It is very common for us to consider the electricity delivered to our home for granted. However, there are a lot of things happening behind the scene to make electrical power available to everyone when demanded. For example, most of the machinery and generators have a start-up and start-down times and related costs.
Multiple generators are available at any given point and it is not that easy to turn on or off them quickly. So, network operators mostly scheduled this turn on and turn off operations in advance as per the predicted load demand for reducing the cost. These schedules are made based on mathematical models and strategies that deal with the tradeoff that involves minimizing the costs and saving energy on the one hand and ensuring reliability on the other.
One such family of mathematical optimization problems is referred to as “unit commitment (UC)” and has been used to determine the required on or off status of generators in power systems. We know, all these problems and schedules are resolved in advance. This indicates that the board has to deal with unpredictability in multiple numbers, like load, generator availability and failures, and renewable energy input.
Existing methods come up with several disadvantages. Some of them consider the scheduled period and require considering the dynamics of the generators and uncertain variables, but this uncertainty is usually not properly addressed, and overly conservative schedules are obtained. The other methods cannot deal with energy storage systems, which are necessary for renewable energy technology.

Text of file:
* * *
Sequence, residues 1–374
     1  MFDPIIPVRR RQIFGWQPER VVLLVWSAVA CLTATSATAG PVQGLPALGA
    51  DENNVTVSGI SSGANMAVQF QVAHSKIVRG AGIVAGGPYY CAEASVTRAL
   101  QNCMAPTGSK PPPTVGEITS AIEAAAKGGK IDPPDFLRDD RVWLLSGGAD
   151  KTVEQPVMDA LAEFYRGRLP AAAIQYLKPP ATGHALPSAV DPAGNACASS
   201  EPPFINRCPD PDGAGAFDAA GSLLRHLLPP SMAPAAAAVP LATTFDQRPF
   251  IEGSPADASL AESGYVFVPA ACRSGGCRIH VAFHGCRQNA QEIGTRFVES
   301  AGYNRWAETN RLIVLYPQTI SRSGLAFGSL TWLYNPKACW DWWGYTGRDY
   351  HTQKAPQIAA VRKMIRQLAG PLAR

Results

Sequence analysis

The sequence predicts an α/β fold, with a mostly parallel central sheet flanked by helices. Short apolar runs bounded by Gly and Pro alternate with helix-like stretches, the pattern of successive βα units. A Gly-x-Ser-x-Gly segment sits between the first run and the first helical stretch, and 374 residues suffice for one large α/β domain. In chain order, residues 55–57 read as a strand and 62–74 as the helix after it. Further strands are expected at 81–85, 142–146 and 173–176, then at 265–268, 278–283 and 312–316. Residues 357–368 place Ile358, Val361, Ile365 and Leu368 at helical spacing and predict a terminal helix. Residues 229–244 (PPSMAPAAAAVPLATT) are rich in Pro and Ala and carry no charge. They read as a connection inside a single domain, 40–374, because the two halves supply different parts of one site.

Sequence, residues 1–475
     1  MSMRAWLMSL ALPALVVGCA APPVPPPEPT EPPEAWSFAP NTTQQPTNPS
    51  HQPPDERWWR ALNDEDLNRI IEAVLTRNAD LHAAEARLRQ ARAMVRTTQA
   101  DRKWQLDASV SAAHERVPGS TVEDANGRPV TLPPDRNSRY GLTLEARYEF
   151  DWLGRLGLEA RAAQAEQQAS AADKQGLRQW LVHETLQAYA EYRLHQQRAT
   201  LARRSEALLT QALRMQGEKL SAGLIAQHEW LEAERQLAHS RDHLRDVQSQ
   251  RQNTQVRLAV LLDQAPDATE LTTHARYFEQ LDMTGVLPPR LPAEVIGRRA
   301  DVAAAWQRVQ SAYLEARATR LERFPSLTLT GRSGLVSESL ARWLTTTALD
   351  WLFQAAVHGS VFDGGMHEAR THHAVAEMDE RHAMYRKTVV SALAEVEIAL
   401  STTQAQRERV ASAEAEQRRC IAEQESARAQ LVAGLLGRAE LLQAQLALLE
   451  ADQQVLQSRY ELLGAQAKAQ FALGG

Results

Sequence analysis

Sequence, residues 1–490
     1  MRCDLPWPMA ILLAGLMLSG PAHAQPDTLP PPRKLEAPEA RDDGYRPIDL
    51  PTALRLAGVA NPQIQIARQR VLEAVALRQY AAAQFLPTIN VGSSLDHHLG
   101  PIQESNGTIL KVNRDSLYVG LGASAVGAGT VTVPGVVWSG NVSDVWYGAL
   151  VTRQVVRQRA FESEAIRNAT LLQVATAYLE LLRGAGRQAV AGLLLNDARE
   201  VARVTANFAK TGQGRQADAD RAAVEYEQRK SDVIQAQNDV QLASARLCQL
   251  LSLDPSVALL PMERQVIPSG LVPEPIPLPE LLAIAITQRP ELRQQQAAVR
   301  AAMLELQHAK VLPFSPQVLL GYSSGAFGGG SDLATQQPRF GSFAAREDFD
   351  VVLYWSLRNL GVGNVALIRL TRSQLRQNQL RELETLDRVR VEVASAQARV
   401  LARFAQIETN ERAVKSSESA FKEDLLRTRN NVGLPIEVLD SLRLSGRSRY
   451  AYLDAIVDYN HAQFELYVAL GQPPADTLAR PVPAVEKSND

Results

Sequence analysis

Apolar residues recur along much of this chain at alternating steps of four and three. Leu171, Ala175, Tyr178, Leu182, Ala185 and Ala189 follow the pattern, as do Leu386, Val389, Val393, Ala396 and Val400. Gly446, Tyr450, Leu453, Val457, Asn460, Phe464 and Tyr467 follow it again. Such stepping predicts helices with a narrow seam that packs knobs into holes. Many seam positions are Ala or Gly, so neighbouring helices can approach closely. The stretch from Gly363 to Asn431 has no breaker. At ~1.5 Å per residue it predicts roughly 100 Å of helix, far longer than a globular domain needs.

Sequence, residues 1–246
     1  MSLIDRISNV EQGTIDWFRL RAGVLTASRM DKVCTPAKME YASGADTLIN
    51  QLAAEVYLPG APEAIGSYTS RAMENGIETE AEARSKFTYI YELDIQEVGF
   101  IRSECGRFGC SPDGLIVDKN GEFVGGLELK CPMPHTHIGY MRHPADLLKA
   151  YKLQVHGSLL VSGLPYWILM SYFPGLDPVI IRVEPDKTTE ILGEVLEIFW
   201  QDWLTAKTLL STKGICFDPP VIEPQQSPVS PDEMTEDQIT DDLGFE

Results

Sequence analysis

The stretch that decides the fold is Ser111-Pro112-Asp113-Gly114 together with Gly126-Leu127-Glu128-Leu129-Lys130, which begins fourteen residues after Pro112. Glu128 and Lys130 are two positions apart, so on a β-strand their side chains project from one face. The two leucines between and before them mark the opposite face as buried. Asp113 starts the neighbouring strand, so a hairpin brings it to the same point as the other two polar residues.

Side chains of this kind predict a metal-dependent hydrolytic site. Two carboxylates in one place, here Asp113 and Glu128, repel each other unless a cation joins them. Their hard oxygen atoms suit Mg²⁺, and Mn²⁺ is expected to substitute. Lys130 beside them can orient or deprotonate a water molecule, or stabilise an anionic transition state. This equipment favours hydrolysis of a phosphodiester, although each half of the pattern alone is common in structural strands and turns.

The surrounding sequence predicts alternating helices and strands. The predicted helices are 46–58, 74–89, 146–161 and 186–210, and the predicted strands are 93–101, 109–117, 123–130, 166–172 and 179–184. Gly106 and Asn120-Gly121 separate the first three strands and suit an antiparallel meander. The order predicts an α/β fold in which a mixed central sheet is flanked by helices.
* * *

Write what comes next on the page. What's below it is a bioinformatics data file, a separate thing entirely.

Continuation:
Considering these problems, a team of researchers from Tokyo Tech, led by Professor Jun-ichi Imura, developed a novel UC method with an interesting twist to overcome the above-mentioned issues.
“The proposed method has advantages over previous UC methods in several ways and explicitly addresses their main issues,” explains Imura. In their approach, instead of taking the scheduled period and having to deal with system dynamics, the period is divided into timeslots to be dealt with (optimized for) individually in “real time”.
For doing this the upper and lower limits for each timeslot are given to the uncertain values. The interplay and constraints are considered to find a possible solution. In addition to this, the method can be adjusted to consider potential generator outages.
The team also gave a demonstration of how the proposed method works. Then they also compared its result with those of the existing methods. And it was found that their method was more reliable than the existing one. Also, there was no problem of power surplus or power shortage. “The proposed method represents a practical framework for non-anticipative and robust UC,” concludes Mr. Cho, the lead author of the paper that explains the team’s efforts.
To further improve the results, the researchers will continue working on various aspects of their proposed method like to find other ways to calculate the limits for the uncertain variables for each timeslot. The development and implementation of such efficient strategies in power-distribution networks which ensures that everyone can get the cheap and reliable electricity for all electric and electronic devices that we love and rely on.
The paper is published in IEEE Transactions on Power Systems.